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Holy Ruck, Raggy, That Dumb-Looking Scooby-Doo Comic Is Pretty Good

When the reveal of DC Comics’ post-apocalyptic reboot of Scooby-Doo hit months ago, it featured images of Fred carrying a Big Freakin’ Gun, Velma holding a bizarre gamepad, and Shaggy wearing a lumbersexual-style waxed mustache and beard. Fans everywhere went “ruh-roh” upon seeing the cover for Scooby Apocalypse #1. Don’t worry; the story inside is much better than the cover implies.

The series’ first issue kicks off a complete reboot of Scooby-Doo, re-introducing the mystery-solving gang as 20-something grown-ups who don’t know each other yet. Daphne Blake is an enigma-obsessed TV show host who’s washed up and looking for the road back to fame, with crush-laden cameraman Fred Jones in tow.

Scientist Velma Dinkel works at a top-secret research facility that’s been developing smart-dog technology. Scooby, of course, is a test subject in trials of her work, taken care of by new-guy dog trainer Norville “Shaggy” Rogers. Readers see them meet each other at the Blazing Man alt-culture fest, where Velma divulges she’s realized her work with nanites is going to damn the world instead of saving it.

I went in expecting the worst for Scooby Apocalypse. Terrible updates to old pop culture icons have happened so often that the phenomenon has become a trope unto itself. The cyber-hep redesigns teased in advance of the first issue of DC Comics’ new Scooby-Doo series seemed predestined to suck. Yet, somehow, Scooby Apocalypse #1 does every tacky thing that you were afraid of and still makes it hilarious.

Worried that the new version of Shaggy would be a foodie hipster stereotype who goes to Burning Man? He is and isn’t. Shuddering at the thought of Fred being a douchebro? His kinda-sorta relationship with Daphne has an astringent tension that feels refreshing. Concerned about a ‘realistic’ explanation for having a talking dog? The tech that lets Scooby vocalize and broadcast hologram emoticons opens up an avenue for sly sight gags, like when he tells Shaggy that gluten-free, rice-crust pizza smells like shit.

Yes, Scooby says his equivalent of “fuck” in that panel, too. [Note: Let the record show that some of you gentle readers think Scooby’s saying “yuck.” He’s a dog; who can say for sure?]

Old-school Scooby-Doo engenders a lot of affection from the generations that watched it by virtue of the repetitive plots and composition of its episodes. It was comfort food television. At its heart, the Scooby-Doo concept is just a bunch of dumb kids—Velma excluded—who bumble their way around nefarious doings. Pratfalls ensue until they, for example, manage to stop the nasty insurance salesman trying to buy a ‘haunted’ house on the cheap. The fact of the matter is Scooby-Doo is inherently dumb. When the characters on Buffy the Vampire Slayer called themselves the Scoobies, they were referencing the template of the old Hanna-Barbera cartoon to point at the absurdity of their own evil-vanquishing activity. It can be argued that Scooby-Doo’s best form is as an empty-calorie phenomenon to be riffed on and referenced.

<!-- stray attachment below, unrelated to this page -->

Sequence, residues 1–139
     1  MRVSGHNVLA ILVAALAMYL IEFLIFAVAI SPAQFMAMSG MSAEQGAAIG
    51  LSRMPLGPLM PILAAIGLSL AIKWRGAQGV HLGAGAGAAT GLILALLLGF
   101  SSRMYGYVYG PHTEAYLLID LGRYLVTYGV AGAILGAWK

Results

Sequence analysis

This new version of Scooby-Doo isn’t running away from the dumb. Writers Keith Giffen and J.M. DeMatteis take the raw, talking-dog-and-stoner-buddy clay and mold it into a new sort of goofiness. All of the characters have blindspots where they’re a little clueless, but they don’t come across as incompetent. There’s actually a touching bit of tenderness in the backup story that shows Shaggy and Scooby’s first meeting, where the beardo saves the Great Dane from cold-blooded euthanasia.

Overall, the tone of the proceedings reminds Giffen and DeMatteis’s work on the 1990s bwahaha Justice League series. Characters bicker and snipe at each other in sitcom-style exchanges and penciller Howard Porter’s detailed linework makes it feel like they’re actually emoting with big, broad expressions.

Scooby may be the runty result of a program designed to mollify humanity and created hypersmart attack K-9s but this opening chapter of the new series doesn’t feel grim-n’-gritty. The stakes are clearly higher in Apocalypse than in any given 1970s episode of Scooby-Doo but it doesn’t feel bleak. The laughs are still there; they’re just happening for reasons that are slightly more mature.

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